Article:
5th May 1961: J.V. Luce, who had been a driving force in the quest to build a new library for Trinity, wrote to Paul Koralek to tell him he had been awarded first prize. Here we have Paul rereading a copy of that letter in October 2017:
At the start of the year, we looked at a vision of the “Library Extension” from 1957. That was produced in an attempt to give donors something to visualise in the allotted space rather than a serious proposition of what the design should be. But there are many other more fleshed-out might-have-beens from the completion to design the Library – if you are interested in what some of those looked like, the excellent Archiseek website has a page devoted to them. Continue reading “#43 What Might Have Been 2”
On 13 October we were privileged to welcome the Berkeley’s architect Paul Koralek to speak to a sell-out crowd in the Edmund Burke Theatre, to discuss the Berkeley Library with John Tuomey and other guests.
Luckily, we captured it all for posterity (with decent sound too, thanks to our expert cameraman) – so let’s allow all our guests to speak for themselves. Enjoy!
This week, we were privileged to welcome the architect himself, Paul Koralek, back to Dublin and Trinity.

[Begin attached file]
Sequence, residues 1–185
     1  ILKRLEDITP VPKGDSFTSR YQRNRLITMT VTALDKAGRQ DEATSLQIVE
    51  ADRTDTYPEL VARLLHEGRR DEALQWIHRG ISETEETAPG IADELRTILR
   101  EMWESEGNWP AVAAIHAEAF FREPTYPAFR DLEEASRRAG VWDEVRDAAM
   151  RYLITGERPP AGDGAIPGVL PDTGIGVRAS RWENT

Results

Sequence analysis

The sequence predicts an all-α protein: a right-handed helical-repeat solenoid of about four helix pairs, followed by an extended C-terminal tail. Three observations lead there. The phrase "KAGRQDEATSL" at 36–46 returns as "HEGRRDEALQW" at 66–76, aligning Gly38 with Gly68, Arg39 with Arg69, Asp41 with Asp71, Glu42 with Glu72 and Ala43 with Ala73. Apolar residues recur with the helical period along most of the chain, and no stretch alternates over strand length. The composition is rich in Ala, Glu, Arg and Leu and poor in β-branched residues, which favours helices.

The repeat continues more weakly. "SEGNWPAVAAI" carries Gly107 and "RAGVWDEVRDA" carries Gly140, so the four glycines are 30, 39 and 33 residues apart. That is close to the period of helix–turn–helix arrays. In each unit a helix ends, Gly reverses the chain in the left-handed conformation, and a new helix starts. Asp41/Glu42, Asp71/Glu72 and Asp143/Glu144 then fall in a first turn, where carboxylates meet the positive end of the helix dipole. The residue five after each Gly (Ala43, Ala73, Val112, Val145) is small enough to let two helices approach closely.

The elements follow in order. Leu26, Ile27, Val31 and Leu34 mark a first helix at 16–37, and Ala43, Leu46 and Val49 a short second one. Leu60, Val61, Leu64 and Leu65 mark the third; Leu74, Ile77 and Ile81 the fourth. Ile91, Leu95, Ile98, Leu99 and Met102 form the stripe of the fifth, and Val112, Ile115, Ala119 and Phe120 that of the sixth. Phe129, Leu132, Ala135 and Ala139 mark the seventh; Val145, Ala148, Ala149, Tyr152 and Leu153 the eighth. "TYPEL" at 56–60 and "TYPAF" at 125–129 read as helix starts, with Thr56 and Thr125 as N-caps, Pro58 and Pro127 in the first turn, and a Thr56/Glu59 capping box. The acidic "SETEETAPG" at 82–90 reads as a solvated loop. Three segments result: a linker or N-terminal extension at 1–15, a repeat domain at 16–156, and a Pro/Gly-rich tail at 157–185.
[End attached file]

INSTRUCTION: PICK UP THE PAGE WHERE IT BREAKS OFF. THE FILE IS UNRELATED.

The first of his official engagements was to open a new exhibition detailing the design and construction of the Berkeley at the Irish Architectural Archive, curated by Donal Hickey.
In our last post we saw that the Berkeley’s site was a stand of trees, between Fellows’ Gardens to the west and College Park to the east, with New Square to the north and Nassau Street to the south. The main image shows this vista from New Square, reproduced from the pamphlet International architectural competition for a new library building. Continue reading “#6 Trees Come Down”
The area where the Berkeley Library was eventually built was once a copse of trees, facing into College into the area known as Fellows’ Gardens – now, Fellows’ Square.Continue reading “#5 When All This Was Fields”
The appeal for funds for the new library was wide-ranging, and in the great tradition of universities looking for funds, Trinity turned towards its alumni with 11,000 copies of the pamphlet Extension of the College Library: An appeal to our graduates printed and sent to graduates in 1957.
The main image above shows a detail from that booklet, subtitled “How the new building might look”. It’s a very different realisation of what would be appropriate for the space that eventually housed the Berkeley – but it’s easy to see why, nestled between the Old Library and the Museum Building, this might be thought the appropriate tack to take.